Avalanche Course

Yesterday concluded the last avalanche course of the season. Every course had interesting snow conditions to look at, engaged students, reasonable weather, and some pretty good skiing at the end of the day!

With 5 human triggered avalanches on Mount Washington in March alone, one which resulted if serious life threatening injuries, people are starting to realize there is a need for education before heading into the mountains. While I admire John Muir’s “Throw some doughnuts in a knapsack and hop over the backyard fence” sense of freedom, we owe it to our families and loved ones to put some thought into how much risk we are willing to take (and how to recognize when we are at risk) when traveling in the mountains.

The last class of 2011

Some morning classroom

Out on our "Observational Outing"

Identifying layers in the snowpack

Ridgetop winds indicating ongoing loading in the start zone...

A large crown from a recent natural avalanche spanned the bowl...

Discussing our route options...

Careful terrain selection up near Hillman's Highway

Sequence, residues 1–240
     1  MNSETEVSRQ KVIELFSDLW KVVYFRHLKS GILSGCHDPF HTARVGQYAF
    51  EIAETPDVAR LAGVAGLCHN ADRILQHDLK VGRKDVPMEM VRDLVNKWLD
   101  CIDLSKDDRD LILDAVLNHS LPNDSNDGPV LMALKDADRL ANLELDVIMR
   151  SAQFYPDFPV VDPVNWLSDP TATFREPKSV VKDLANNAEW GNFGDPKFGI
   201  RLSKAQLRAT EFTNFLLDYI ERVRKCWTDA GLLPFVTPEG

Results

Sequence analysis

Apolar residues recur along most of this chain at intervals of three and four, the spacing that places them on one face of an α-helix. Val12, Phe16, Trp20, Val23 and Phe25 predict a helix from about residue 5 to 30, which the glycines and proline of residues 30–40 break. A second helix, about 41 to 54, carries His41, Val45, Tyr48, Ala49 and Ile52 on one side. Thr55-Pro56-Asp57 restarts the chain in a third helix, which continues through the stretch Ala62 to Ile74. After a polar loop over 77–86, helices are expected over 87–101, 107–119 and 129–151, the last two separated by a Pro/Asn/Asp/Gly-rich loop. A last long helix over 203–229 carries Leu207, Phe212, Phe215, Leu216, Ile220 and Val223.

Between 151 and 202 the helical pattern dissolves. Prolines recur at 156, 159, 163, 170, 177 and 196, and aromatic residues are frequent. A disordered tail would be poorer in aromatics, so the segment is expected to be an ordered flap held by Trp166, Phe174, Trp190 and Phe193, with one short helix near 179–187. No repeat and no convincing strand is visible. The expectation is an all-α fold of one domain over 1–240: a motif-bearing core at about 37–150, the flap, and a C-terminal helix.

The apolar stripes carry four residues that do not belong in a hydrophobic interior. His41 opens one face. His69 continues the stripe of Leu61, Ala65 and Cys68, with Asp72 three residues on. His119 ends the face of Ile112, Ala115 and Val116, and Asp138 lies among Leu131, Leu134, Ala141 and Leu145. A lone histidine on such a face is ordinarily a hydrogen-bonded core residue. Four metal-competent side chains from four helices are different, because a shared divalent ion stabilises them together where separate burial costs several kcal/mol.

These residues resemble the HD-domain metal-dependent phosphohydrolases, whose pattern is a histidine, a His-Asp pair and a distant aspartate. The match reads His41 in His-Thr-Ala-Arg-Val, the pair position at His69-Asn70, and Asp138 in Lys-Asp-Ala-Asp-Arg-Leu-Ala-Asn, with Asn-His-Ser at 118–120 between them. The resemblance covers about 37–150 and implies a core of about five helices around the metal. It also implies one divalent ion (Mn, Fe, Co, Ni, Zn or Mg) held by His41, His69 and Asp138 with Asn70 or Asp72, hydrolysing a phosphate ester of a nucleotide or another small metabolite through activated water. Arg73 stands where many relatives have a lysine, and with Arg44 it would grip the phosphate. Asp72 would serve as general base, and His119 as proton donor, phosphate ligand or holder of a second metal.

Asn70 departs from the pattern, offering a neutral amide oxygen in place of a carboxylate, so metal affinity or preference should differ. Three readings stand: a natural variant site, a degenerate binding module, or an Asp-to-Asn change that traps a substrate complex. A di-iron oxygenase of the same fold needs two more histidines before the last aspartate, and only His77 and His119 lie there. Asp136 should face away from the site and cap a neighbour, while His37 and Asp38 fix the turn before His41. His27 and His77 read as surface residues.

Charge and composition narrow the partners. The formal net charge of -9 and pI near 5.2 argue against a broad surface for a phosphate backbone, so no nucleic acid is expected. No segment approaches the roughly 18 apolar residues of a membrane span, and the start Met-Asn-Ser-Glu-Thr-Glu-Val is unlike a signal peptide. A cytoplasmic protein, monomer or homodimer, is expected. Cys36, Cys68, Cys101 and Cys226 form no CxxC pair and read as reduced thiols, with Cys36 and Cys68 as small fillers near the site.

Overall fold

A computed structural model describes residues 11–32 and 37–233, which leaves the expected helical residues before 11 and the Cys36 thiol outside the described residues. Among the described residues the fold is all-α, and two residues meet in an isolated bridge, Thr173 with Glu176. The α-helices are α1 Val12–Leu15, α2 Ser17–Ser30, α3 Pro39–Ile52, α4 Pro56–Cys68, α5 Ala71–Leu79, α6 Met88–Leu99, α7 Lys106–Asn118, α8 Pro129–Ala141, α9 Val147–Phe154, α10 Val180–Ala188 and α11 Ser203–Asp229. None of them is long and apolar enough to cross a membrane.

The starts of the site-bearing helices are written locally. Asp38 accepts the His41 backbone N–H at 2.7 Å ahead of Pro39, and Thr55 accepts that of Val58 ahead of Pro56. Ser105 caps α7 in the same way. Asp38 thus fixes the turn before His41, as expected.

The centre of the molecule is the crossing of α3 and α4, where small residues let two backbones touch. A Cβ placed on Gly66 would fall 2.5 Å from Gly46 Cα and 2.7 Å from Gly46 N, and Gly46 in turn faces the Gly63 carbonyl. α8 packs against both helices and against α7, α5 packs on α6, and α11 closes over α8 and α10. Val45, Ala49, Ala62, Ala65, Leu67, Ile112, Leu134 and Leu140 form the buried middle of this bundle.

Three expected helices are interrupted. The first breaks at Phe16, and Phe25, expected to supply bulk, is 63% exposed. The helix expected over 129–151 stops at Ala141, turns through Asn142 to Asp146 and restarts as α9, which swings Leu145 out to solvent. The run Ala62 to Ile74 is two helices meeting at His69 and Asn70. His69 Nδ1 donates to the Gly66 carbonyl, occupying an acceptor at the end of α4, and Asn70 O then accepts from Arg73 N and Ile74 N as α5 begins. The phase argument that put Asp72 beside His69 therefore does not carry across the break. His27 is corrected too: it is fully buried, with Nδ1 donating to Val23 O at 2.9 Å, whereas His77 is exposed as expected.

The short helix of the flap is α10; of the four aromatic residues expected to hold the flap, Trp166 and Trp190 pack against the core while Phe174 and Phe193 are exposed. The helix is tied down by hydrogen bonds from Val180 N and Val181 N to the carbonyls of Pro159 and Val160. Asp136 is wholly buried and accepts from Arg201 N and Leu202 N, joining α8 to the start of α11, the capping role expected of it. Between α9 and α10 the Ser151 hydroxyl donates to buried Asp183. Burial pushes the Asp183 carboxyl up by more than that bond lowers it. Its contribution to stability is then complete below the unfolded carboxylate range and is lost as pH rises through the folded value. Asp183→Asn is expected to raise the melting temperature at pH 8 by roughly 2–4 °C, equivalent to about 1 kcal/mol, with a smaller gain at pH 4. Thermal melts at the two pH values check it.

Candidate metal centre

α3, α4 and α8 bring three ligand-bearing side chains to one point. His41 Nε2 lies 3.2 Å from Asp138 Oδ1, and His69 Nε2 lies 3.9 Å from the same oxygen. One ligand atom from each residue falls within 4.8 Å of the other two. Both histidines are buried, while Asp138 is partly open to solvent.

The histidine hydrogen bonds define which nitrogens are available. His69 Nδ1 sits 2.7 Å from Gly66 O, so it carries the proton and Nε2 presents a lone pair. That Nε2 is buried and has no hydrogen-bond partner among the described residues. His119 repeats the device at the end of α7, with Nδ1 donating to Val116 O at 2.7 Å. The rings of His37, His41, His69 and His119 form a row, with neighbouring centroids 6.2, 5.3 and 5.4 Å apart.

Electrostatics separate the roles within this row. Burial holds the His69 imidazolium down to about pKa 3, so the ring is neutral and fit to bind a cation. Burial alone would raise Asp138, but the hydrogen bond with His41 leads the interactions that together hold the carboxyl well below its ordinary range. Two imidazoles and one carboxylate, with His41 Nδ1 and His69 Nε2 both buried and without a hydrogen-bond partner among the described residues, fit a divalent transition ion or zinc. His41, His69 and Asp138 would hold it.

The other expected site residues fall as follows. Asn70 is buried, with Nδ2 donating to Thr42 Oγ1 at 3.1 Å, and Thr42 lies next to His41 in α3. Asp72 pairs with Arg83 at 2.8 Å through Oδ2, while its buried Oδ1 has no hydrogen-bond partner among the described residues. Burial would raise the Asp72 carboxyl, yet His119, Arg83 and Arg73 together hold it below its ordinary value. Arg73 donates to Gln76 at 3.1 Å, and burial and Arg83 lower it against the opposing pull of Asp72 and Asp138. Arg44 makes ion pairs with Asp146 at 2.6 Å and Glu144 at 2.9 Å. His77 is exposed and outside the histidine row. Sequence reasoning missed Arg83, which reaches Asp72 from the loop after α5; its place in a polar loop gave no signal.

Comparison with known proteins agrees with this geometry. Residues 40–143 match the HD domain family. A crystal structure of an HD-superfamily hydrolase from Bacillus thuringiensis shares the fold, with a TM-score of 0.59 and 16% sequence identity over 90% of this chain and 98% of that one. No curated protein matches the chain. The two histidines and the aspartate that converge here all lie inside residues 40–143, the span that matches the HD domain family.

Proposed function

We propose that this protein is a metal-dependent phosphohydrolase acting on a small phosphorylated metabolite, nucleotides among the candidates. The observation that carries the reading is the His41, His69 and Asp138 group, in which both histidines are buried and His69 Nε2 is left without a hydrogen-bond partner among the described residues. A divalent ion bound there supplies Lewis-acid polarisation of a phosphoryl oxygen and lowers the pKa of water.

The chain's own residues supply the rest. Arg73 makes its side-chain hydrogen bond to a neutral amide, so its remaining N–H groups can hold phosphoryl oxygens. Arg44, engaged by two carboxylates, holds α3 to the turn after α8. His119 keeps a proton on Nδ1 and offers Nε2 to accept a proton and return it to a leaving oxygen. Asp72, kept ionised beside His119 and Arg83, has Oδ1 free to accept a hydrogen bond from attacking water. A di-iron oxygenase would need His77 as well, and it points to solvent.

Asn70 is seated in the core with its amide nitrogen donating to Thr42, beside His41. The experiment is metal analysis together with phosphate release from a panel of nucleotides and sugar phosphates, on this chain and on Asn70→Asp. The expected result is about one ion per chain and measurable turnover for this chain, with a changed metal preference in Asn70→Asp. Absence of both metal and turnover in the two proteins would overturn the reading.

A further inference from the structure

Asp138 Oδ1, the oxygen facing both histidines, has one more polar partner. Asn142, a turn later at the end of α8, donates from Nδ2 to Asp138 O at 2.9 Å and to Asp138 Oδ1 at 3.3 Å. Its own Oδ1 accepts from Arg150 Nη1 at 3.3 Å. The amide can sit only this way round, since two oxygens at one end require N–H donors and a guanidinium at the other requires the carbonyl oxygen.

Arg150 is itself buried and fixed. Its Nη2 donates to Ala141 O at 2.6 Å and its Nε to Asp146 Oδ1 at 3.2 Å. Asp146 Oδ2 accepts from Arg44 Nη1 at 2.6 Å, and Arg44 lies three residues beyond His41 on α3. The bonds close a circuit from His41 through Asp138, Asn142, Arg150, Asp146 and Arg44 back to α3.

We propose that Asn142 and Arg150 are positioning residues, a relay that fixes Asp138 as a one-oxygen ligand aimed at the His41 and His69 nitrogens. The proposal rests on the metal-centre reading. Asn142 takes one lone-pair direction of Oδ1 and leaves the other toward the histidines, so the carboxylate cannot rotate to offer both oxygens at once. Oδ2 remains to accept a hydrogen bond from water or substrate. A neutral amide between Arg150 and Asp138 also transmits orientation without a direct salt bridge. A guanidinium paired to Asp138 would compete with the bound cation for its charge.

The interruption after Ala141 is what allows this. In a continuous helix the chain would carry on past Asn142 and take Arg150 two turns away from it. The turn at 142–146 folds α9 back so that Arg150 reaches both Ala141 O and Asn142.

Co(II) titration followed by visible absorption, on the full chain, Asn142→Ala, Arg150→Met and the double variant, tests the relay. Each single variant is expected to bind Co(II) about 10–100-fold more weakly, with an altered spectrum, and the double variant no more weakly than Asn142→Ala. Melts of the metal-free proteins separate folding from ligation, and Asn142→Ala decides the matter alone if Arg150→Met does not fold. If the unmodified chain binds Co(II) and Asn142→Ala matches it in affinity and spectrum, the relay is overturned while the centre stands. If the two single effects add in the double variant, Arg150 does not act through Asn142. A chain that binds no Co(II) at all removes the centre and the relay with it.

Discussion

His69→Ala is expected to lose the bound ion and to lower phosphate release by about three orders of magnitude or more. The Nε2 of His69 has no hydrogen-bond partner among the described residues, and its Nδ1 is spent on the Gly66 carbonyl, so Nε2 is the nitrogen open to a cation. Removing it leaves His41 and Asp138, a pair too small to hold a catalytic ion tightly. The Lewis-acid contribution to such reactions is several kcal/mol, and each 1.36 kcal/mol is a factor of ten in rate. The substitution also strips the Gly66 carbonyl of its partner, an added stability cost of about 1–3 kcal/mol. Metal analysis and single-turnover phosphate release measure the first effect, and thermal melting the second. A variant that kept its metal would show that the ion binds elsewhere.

Crossing the runout one at a time (notice fresh debris)

Traversing the lower snowfields...

Making a quick weather observation...

Practice with Compression Tests and "Hand Hardness" scale

I want to thank everyone who attended an avalanche course with Eastern Mountain Sports Schools this season. I hope to see you out in the mountains applying your newly acquired skills soon!

While we have no more official AIARE courses scheduled for this season we are still running our Backcountry Ski courses which include some good basic “Avalanche Awareness” instruction. Check out http://www.emsski.com for details.

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About David Lottmann

David grew up skiing in the Whites and started climbing at a summer camp just north of Mt. Washington when he was 16. Those first couple of years solidified climbing as a lifetime passion. From 1996-2000 he served in the USMC, and spent the better part of those years traveling the globe (18 countries). After returning to civilian life he moved to North Conway to focus on climbing and was hired in 2004 as a Rock and Ice Instructor. Since then Dave has taken numerous AMGA courses, most recently attaining a Single Pitch Instructor. He has completed a Level 3 AIARE avalanche course, is a Level 2 Course Leader, holds a valid Wilderness First Responder and is a member of Mountain Rescue Service. When David isn't out guiding he enjoys mountain biking, kayaking, hiking, backcountry skiing, trying to cook something new once a week and sampling new micro-brews. He lives in Conway, NH with his wife Michelle and son Alex.
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